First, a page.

What ought I to do, all things considered? An approach to the exploration of ethical problems by teachers

by Alan Hall

Overview

This paper is an introduction to exploring ethical issues and problems within the educational context. Alan Hall provides a brief theoretical framework regarding the importance of taking an ethical approach to solving difficult issues. He then provides two compelling case studies as examples and a framework to use to deal with them.

The paper has the advantage of being New Zealand based and is readily adaptable in any school setting. Hall provides a step-by-step approach for dealing with the issues, and gives an example of how to manage the discussions that will follow the process.

It would be very easy to follow his suggested process with any group of teachers or with the school leadership team. The process may even alert the leadership team to think about these kinds of situations before they happen and to develop some proactive policies that would prevent the crisis situations that arose in the case studies.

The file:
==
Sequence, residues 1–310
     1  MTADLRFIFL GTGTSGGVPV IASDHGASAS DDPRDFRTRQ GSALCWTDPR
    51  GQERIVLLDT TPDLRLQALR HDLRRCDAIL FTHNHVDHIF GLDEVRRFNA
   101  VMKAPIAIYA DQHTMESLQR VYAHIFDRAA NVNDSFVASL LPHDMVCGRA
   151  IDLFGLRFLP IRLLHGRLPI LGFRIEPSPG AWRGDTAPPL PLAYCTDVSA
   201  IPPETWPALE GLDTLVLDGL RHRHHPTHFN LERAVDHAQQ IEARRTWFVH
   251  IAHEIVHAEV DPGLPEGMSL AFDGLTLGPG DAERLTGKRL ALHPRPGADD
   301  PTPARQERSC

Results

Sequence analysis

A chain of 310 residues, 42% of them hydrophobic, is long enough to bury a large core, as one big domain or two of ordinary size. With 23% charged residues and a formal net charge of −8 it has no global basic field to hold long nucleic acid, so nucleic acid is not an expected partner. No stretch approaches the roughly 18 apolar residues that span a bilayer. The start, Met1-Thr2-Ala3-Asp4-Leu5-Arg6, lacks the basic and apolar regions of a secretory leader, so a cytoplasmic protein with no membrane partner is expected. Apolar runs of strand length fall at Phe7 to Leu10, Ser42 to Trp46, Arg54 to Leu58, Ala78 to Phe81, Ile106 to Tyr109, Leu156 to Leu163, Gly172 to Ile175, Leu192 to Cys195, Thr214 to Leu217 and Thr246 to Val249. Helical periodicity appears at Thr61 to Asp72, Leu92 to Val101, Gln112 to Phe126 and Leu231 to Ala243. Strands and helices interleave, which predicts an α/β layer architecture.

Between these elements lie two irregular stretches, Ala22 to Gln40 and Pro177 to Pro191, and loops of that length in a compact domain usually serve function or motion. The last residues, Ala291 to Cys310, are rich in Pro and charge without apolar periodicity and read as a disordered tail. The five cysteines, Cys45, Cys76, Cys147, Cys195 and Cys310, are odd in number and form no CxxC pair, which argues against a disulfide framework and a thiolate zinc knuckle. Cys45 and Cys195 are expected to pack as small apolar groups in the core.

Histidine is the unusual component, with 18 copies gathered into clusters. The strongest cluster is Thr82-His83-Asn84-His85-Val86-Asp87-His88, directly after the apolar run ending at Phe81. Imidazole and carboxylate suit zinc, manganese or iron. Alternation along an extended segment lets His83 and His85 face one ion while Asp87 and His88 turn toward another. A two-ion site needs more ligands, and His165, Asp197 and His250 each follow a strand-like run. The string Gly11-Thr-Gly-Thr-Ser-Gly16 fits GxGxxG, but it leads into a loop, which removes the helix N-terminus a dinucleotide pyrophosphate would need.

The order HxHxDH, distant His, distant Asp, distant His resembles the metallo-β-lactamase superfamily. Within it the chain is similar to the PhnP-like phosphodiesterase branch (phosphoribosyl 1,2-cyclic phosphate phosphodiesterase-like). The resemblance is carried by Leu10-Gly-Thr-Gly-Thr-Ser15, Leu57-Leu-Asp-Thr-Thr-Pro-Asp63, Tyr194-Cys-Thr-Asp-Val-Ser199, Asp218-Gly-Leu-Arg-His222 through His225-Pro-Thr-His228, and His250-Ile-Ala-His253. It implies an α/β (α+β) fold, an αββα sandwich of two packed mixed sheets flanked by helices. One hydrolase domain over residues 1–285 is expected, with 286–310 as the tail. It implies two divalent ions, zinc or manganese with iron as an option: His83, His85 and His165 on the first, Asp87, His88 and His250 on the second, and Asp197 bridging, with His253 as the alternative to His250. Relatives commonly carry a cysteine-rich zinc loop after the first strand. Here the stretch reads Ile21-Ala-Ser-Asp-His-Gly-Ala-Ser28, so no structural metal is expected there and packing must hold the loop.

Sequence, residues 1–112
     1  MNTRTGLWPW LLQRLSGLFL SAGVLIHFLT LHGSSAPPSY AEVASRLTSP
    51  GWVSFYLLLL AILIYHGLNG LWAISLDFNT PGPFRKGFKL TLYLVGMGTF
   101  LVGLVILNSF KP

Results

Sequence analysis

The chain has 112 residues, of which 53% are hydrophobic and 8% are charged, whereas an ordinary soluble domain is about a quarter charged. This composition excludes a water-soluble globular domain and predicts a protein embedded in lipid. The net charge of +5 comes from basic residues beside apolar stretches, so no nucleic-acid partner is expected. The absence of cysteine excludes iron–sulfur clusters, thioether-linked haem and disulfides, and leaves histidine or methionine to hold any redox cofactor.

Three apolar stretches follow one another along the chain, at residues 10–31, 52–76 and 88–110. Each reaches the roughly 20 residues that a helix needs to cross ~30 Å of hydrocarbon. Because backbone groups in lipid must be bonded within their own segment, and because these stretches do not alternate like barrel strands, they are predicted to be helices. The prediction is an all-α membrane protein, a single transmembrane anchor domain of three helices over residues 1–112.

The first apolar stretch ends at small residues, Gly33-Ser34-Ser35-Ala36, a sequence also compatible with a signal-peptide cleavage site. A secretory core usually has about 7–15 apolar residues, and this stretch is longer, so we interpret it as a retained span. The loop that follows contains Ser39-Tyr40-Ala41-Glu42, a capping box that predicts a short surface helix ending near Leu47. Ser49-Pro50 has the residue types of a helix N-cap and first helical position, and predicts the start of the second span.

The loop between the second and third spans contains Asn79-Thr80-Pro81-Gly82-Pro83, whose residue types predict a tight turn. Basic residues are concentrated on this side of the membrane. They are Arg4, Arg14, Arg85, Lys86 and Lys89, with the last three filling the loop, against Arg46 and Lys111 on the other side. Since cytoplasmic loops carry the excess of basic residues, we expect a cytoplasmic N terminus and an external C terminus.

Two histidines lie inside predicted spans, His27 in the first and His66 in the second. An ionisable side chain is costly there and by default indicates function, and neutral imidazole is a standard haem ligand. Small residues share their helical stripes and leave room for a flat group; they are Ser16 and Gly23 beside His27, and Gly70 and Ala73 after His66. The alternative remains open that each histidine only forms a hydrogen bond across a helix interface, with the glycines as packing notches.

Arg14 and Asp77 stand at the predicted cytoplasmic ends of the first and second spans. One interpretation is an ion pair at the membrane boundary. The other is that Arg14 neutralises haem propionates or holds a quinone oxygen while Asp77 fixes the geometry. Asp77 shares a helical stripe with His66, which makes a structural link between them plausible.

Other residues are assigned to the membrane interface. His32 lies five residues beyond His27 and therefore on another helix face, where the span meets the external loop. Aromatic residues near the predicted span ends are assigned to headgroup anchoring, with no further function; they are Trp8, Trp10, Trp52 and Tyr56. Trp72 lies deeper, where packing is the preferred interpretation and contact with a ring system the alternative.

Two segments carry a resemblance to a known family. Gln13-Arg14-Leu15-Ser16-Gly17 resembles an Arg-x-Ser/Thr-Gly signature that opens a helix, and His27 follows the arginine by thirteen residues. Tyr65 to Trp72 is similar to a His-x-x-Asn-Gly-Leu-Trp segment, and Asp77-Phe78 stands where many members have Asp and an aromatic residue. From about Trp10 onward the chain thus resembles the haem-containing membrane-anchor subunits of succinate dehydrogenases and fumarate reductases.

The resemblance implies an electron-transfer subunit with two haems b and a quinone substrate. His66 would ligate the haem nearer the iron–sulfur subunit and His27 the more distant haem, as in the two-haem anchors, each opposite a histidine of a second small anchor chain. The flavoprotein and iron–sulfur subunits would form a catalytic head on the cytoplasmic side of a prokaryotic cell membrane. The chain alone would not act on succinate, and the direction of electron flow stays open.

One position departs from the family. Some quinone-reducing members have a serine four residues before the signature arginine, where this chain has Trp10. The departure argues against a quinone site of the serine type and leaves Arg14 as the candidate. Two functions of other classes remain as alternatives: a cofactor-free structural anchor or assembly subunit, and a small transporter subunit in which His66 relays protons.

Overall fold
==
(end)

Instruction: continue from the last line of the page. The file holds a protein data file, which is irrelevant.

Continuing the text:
Reflective questions

These reflective questions might guide you in your reading of this paper:

  • How has your school’s ethical problem-solving policy taken account of the ever-increasing diversity in New Zealand’s society – ethnic, religious, social, and cultural?
  • Trial Hall’s process on a real life situation that your school has faced. Does the process lead you to consider different ways of acting? What new insights does the process give you about the complexity and diversity of your school community?

Further reading

Duignan, P. (2003, September). Formation of capable, influential and authentic leaders for times of uncertainty. Paper presented at the Australian Primary Principals’ Association National Conference, Adelaide. 

References

Hall, A. (2001, April). What ought I to do, all things considered? An approach to the exploration of ethical problems by teachers. Paper presented at the IIPE Conference, Brisbane. Added to this site with permission.

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